North Korea's forests have a variety of trees and other plant life. Predominant trees include larch, poplar, oak, alder, pine, spruce, and fir. In the early 1990s, approximately 80 percent of the total area of the country, or 9.4 million hectares, was made up of forests and woodlands; over 70 percent of these reserves were in the mountainous Hamgyng provinces, and in Yanggang and Chagang provinces. Much of this area was severely damaged by overcutting during the last years of Japanese colonial rule and by the effects of the Korean War. The government has promoted afforestation projects to make up for these losses, and during the First Seven-Year Plan an estimated 914,000 hectares were planted, with an average of 2,900 trees per hectare. In the early 1970s, however, the rate of afforestation dropped to about 10,000 hectares per year.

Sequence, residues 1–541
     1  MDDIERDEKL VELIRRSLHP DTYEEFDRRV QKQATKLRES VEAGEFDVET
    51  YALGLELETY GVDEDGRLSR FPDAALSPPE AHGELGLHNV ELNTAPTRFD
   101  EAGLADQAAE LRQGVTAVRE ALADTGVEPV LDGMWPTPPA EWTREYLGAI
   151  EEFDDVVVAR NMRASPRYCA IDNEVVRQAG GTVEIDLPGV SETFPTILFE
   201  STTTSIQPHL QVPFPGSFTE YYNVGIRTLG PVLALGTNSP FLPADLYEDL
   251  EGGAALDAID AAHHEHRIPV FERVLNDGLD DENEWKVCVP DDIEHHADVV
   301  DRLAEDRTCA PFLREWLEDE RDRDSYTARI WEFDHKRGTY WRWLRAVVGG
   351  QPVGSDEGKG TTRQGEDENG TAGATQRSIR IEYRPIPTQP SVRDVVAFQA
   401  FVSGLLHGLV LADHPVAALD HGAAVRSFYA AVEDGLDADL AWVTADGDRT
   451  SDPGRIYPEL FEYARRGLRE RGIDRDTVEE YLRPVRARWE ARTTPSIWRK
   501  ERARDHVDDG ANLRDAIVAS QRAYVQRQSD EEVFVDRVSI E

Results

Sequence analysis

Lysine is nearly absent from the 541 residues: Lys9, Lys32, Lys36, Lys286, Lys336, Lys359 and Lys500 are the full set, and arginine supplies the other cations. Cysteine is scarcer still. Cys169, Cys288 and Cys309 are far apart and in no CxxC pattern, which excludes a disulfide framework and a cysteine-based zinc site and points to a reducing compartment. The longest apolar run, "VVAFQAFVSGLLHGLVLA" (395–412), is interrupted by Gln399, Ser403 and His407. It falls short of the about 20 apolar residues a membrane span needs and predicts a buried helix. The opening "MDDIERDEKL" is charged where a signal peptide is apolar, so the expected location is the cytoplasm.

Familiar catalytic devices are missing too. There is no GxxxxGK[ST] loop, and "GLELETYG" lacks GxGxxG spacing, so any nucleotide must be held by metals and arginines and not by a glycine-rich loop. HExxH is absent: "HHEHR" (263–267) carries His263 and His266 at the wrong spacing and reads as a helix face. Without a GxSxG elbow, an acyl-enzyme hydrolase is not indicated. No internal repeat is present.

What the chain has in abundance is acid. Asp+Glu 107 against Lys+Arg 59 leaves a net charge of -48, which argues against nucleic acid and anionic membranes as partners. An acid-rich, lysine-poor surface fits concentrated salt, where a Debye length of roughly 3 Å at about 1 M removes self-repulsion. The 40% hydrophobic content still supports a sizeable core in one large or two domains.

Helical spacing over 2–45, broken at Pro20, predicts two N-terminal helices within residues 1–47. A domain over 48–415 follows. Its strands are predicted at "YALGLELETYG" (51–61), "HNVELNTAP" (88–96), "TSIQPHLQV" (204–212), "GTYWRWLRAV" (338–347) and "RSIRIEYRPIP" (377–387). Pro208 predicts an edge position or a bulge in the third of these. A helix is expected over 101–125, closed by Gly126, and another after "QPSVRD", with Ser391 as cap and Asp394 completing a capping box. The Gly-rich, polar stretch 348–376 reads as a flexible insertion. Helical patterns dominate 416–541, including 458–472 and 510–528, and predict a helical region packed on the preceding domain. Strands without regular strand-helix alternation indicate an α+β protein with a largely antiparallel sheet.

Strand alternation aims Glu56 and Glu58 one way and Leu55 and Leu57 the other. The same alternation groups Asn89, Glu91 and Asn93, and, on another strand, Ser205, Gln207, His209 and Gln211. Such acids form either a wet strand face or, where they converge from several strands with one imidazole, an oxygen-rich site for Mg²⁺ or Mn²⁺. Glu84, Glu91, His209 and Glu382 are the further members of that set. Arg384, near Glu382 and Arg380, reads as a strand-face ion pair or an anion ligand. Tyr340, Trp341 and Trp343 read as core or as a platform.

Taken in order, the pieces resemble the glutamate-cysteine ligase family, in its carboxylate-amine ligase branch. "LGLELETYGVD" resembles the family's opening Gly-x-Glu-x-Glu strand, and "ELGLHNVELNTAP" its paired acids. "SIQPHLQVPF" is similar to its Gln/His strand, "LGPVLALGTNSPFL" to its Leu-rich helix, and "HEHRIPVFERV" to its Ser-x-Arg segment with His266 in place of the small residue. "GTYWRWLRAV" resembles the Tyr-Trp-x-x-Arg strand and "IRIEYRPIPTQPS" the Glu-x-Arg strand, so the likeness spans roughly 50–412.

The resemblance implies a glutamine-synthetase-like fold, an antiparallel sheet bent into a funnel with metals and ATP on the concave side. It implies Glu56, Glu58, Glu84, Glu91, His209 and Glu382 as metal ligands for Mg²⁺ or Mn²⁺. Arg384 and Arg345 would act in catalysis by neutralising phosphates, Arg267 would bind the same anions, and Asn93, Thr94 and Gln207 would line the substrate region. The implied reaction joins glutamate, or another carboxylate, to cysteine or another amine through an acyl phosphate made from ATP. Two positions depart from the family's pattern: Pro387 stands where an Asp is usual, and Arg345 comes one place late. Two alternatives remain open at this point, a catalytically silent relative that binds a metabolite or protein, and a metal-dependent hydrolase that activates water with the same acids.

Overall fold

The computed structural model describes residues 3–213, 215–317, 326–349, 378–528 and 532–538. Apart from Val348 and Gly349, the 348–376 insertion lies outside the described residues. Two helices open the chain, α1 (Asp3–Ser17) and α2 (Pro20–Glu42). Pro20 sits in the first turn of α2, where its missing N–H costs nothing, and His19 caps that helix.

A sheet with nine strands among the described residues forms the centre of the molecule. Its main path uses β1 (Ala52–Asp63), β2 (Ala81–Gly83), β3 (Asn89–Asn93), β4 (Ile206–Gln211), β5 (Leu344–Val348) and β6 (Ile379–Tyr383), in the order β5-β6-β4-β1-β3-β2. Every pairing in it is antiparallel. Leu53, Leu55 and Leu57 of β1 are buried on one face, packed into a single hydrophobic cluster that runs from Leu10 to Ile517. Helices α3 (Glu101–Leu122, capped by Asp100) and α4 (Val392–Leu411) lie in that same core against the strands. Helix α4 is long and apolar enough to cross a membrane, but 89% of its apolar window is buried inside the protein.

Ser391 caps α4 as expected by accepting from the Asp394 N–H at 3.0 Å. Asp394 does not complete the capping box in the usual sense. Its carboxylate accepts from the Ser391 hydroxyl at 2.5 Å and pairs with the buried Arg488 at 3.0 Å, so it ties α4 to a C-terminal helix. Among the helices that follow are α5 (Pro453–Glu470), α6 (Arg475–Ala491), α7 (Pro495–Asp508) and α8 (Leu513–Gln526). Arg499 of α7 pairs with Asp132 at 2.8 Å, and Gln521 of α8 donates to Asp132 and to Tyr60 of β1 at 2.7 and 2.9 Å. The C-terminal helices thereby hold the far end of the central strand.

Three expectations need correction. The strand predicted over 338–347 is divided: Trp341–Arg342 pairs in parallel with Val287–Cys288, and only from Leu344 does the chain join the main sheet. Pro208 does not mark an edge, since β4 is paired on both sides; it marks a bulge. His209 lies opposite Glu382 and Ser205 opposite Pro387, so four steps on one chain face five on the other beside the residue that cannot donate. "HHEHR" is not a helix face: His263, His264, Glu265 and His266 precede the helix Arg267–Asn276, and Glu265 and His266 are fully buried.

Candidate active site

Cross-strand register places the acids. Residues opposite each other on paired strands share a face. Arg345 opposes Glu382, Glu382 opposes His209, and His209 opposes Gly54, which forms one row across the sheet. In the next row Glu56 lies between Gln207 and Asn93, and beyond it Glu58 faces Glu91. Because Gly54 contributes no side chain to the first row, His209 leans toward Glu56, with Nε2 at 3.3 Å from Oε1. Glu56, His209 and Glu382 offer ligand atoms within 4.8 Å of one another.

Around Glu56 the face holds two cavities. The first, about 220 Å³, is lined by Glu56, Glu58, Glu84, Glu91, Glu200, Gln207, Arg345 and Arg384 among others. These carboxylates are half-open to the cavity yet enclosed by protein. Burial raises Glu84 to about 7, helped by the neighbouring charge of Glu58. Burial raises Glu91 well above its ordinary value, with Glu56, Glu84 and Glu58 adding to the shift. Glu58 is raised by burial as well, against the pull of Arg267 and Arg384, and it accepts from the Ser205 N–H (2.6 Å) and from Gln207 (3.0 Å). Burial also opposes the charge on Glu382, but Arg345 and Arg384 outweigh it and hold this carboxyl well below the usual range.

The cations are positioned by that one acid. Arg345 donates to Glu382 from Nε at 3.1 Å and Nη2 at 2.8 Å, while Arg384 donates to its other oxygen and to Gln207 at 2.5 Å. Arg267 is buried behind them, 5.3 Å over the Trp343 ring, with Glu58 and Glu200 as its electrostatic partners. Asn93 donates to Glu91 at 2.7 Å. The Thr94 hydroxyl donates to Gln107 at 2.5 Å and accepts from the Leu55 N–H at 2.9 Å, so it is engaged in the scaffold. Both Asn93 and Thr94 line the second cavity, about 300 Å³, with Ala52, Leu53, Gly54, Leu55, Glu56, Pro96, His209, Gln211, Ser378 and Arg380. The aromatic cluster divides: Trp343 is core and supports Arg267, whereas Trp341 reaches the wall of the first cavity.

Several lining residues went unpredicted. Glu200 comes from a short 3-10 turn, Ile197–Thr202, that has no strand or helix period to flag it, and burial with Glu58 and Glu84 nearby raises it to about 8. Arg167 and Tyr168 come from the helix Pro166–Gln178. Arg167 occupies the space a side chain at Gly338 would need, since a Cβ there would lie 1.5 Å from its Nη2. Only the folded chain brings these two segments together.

Timber production was estimated at 600,000 cubic meters in 1977, basically unchanged since the late 1960s. In 1987, however, timber production was estimated at 3 million cubic meters. The amount of fuelwood available for rural households increased by 11 percent from 1970 to 1977, when approximately 4.6 million cubic meters were used for heating.
The Ministry of Forestry was established in 1980 to oversee the development of the forestry industry. The ministry sent agents to the county level to manage the rotation of harvest and replanting. Since the 1980s, almost no official quantitative information on forestry has been forthcoming. The government failed to mention the performance of the forestry sector in its report on the fulfillment of the Second Seven-Year Plan, and the Third Seven-Year Plan does not even contain any reference to forestry.
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